Recurrent miscarriage (RM), the accepted definition of which is three or more consecutive miscarriages, is relatively uncommon - affecting about 1 to 2% of couples who conceive. Three strands of evidence support the contention that RM is a distinct clinical entity rather than one which occurs purely by chance alone. First, the observed incidence of RM is significantly higher than that expected by chance alone (0.4%); second, a woman's risk of miscarriage is directly related to the outcome of her previous pregnancies ; and third, in contrast to sporadic miscarriage, women with RM tend to lose pregnancies with a normal chromosome complement, suggesting the presence of a persistent underlying cause for pregnancy loss among these women [2,3].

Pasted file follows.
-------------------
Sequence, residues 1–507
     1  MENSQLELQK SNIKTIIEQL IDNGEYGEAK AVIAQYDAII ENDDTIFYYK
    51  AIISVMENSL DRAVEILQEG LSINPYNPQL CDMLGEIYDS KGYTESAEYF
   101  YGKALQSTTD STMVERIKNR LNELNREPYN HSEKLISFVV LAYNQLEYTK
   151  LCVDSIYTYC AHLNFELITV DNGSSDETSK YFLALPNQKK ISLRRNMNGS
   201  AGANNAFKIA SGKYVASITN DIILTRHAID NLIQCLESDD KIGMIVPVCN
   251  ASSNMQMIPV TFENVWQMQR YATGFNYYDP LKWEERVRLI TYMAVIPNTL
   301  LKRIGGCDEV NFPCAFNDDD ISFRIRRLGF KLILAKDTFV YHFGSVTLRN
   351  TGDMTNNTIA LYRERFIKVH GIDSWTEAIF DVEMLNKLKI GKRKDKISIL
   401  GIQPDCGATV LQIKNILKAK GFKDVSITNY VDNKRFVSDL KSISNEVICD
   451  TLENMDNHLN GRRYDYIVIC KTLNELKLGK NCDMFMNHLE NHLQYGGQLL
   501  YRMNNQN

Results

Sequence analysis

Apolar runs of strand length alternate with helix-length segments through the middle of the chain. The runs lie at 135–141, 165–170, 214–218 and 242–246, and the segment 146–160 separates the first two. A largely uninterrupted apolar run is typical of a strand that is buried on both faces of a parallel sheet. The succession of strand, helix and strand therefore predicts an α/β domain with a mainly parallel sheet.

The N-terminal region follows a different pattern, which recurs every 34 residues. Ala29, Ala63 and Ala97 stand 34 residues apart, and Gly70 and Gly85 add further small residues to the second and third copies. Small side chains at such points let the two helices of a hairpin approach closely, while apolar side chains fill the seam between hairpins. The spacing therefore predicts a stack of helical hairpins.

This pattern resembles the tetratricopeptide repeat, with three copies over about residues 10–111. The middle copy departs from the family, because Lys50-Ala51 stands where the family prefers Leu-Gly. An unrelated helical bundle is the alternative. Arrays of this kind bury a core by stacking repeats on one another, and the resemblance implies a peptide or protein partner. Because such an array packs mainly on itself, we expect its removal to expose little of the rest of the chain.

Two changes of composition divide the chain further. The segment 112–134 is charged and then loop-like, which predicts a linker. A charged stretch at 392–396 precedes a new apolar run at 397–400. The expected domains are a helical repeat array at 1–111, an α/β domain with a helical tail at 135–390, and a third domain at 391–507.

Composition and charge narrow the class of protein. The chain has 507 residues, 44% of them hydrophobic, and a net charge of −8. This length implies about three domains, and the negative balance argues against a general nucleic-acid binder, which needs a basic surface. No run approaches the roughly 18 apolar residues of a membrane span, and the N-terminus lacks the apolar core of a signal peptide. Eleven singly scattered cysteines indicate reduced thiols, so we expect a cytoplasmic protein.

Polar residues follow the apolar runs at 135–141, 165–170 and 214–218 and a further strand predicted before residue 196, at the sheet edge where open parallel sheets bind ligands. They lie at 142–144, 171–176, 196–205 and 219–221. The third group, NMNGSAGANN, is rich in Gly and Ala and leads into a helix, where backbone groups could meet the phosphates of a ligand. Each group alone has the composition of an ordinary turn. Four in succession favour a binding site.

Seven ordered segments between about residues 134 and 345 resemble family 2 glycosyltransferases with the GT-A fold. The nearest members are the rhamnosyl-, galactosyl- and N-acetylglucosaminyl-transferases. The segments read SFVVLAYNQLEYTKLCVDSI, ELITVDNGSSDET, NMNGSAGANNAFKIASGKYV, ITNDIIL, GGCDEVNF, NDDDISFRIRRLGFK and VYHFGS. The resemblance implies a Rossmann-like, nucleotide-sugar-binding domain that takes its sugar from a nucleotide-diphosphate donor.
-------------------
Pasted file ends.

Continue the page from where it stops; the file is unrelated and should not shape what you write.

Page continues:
Despite major advances in our understanding of the aetiology of RM over the last 20 years, even after comprehensive investigation, no cause for pregnancy failure is identified in approximately 50% of couples. This has led to the situation where women with RM have been, and continue to be, subjected to investigations and treatments based on anecdotal evidence, historical beliefs and the personal prejudices of their clinicians . This chapter aims to provide a comprehensive, evidence-based approach to the investigation and treatment of RM while at the same time highlighting new avenues of research.
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